Seafood restaurant wages war with PETA

After People for the Ethical Treatment of Animals (PETA) targeted Maryland’s blue crab industry in an ad campaign last month, seafood restaurant Jimmy’s Famous Seafood is fighting back to protect its livelihood.

“It’s our livelihood and the Maryland blue crab is the bloodline of Maryland.…Tens of thousands of jobs depend on the Maryland blue crab economy on a daily basis,” John Minadakis, owner of Jimmy’s Famous Seafood in Dundalk, Maryland, told SeafoodSource.

To that end, Jimmy’s launched a scathing Twitter campaign that, in part, accuses PETA of slaughtering kittens and puppies. The restaurant also posted a billboard featuring a photo of its steamed crab with the statement: “SteaMEd crabs. Here to stay. Get Famous.”

In late August, PETA placed a billboard near Baltimore’s Inner Harbor, home to several seafood restaurants such as Phillips Seafood, McCormick & Schmick's, and The Oceanaire Seafood Room. The billboard, which includes an image of a Maryland blue crab, states: “I’m me, not meat. See the individual. Go vegan.” 

"Just like humans, crabs feel pain and fear, have unique personalities, and value their own lives," PETA Executive Vice President Tracy Reiman said in a statement. "PETA's billboard aims to give Charm City residents some food for thought about sparing sensitive marine animals the agony of being boiled alive or crushed to death in fishing nets simply by going vegan.”

While some Twitter users joked about PETA’s billboard, Minadakis did not take its anti-blue crab sentiment lightly. 

“They are trying to put people on the streets and out of business. We have been doing this for 41 years. We are going to fight back,” he said. 

The Baltimore community “really appreciates someone standing up to PETA for once, and not just taking it lying down,” Minadakis added. “Until they go away, we plan on fighting back.”

Minadakis said he believes PETA’s blue crab campaign could harm the industry. 

“If you look at PETA’s track record, they are pretty successful,” he said. For example, Nabisco recently re-designed its famous Barnum’s Animals Crackers‘ packaging to show uncaged, rather than caged, circus animals at the urging of PETA.

Meanwhile, Jimmy’s tweets include allegations that PETA has euthanized 36,000 kittens and puppies.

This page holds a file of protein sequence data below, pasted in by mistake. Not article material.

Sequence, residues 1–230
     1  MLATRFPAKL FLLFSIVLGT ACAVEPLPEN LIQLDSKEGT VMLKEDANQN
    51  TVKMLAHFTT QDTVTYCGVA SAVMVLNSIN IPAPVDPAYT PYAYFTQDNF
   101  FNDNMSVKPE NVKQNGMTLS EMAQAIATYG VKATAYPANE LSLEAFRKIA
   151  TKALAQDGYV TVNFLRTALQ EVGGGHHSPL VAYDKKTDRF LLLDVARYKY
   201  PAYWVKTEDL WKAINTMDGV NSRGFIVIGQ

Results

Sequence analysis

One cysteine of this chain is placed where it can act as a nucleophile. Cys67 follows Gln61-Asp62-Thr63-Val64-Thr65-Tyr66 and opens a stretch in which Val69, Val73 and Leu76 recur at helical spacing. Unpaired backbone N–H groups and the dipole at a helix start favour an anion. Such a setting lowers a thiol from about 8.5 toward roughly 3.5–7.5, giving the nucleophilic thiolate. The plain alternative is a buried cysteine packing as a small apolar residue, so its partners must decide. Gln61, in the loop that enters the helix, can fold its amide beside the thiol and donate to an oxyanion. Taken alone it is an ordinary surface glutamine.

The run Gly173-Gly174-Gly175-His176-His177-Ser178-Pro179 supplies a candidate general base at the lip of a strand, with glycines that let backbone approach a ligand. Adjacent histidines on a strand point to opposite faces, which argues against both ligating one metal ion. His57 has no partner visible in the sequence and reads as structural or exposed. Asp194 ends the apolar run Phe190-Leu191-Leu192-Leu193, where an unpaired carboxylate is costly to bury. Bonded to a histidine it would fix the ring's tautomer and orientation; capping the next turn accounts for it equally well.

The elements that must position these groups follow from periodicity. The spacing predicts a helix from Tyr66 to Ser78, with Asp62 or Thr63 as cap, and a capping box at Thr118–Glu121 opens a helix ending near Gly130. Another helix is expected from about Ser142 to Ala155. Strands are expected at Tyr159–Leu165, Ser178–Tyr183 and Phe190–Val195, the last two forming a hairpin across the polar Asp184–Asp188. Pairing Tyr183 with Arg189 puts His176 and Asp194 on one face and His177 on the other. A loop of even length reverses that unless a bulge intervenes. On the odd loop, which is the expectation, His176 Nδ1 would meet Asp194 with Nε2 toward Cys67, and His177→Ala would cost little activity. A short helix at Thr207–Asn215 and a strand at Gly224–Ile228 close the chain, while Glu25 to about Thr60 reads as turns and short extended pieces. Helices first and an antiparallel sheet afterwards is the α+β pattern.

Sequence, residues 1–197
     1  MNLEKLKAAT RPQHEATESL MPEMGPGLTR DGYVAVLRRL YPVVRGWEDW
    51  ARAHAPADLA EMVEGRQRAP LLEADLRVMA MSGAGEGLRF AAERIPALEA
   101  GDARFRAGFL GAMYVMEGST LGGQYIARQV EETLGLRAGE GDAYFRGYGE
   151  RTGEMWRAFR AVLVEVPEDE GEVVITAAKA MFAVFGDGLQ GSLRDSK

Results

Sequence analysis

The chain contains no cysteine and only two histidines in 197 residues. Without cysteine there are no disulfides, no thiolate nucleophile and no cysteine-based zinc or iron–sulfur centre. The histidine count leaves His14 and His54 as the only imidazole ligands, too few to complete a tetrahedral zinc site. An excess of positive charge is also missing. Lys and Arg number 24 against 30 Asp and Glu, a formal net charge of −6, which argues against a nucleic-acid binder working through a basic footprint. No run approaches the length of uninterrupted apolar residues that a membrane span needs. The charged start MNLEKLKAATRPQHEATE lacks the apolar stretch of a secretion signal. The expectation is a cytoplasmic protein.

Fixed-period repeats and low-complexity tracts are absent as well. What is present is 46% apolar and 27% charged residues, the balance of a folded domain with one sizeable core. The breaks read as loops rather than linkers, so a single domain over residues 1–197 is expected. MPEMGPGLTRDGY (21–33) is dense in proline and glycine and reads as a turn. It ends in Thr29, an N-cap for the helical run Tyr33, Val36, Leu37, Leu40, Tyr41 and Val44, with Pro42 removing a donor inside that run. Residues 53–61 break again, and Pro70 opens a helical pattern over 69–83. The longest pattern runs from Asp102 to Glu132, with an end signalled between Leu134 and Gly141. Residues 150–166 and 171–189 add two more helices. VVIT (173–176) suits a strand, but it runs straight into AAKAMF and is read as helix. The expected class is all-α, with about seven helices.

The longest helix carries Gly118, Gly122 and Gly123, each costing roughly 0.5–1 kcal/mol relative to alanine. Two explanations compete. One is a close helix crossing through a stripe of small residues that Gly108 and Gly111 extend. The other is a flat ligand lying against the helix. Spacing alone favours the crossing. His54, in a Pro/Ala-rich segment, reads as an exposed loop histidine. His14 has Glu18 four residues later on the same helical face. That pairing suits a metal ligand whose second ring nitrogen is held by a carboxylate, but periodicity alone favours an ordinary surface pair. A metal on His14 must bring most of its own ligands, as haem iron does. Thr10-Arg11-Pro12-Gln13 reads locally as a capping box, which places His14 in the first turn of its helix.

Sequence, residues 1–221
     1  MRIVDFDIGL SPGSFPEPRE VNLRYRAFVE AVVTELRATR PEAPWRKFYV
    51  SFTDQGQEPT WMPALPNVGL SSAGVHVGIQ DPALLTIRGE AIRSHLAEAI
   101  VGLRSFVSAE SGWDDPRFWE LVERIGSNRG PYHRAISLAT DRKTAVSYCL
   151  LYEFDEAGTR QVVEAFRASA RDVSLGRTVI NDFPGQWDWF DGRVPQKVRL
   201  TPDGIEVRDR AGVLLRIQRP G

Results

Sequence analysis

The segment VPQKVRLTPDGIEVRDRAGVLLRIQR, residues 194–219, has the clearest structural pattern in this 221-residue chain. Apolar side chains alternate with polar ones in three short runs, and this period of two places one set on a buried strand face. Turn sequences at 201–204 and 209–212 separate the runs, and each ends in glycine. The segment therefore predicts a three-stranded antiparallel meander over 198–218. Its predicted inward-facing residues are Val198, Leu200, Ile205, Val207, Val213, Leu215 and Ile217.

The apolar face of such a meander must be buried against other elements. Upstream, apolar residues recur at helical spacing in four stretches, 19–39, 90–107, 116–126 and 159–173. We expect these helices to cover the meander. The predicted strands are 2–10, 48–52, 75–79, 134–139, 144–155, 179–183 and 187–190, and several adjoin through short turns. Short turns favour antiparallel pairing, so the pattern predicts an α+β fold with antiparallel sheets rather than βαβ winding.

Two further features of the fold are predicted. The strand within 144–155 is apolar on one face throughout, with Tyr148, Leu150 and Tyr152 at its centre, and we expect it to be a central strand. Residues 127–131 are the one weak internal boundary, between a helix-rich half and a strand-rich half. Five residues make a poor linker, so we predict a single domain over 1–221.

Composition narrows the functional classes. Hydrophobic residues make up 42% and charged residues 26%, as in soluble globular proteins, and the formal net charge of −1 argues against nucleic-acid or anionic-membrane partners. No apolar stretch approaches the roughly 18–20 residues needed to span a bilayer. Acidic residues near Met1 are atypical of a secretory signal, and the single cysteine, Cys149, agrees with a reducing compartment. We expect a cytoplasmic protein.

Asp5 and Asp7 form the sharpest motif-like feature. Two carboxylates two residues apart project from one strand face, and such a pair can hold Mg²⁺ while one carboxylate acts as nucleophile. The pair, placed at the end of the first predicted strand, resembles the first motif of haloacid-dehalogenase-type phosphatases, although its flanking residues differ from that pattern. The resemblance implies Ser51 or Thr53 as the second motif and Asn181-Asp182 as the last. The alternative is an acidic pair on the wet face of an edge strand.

“If there’s one word anyone associated with PETA should never use, [it’s] ‘compassionate.’ Would a compassionate person murder 36,000 innocent animals? … You purchase stock in companies you vilify, such as Sea World & McDonald’s, because it’s really only about the money and publicity for you,” according to a recent tweet.

In fact, PETA has euthanized more than 38,000 dogs and cats since 1998, according to the Virginia Department of Agriculture and Consumer Services.

However, Amber Canavan, vegan campaigner for PETA, told SeafoodSource that the majority of animals brought to PETA for care are spayed or neutered, provided with veterinary treatment, or “otherwise cared for before being returned to their guardians,” she said. 

“Our fleet of mobile clinics sterilized more than 13,300 animals last year alone. PETA operates a rescue team – which is on call 24/7 to offer relief to abused and suffering animals – as well as a single ‘shelter of last resort’ that takes in mostly aggressive, sick, elderly, injured, feral, and otherwise unadoptable animals, many of whom have been rejected by shelters with turn-away policies,” Canavan added.

The real reason Jimmy’s issued anti-PETA tweets and the billboard, according to Canavan, is the “realization that the tide is turning, as more people than ever before are going vegan,” she said. “The science is clear that crustaceans have the capacity to feel pain, and it's easier than ever to eat delicious crabless cakes, faux lobster, and other vegan dishes that don't cause any suffering.”

Canavan said she recommends Americans move towards eating a vegan diet.

“PETA would be happy to recommend and promote vegan seafood options at Jimmy's if it's willing to accept the challenge,” Canavan added.

Meanwhile, Minadakis is upset that the Maryland blue crab industry and the larger U.S. seafood industry have yet to issue collective responses to PETA’s blue crab campaign or its anti-lobster campaign, which kicked off in Maine in July

“We don’t know anyone else doing anything about it. Everyone else is sitting on the sidelines,” Minadakis said. “People are scared to offend anybody, so they are going to sit there quietly while they are under attack – and they get bullied into submission.”


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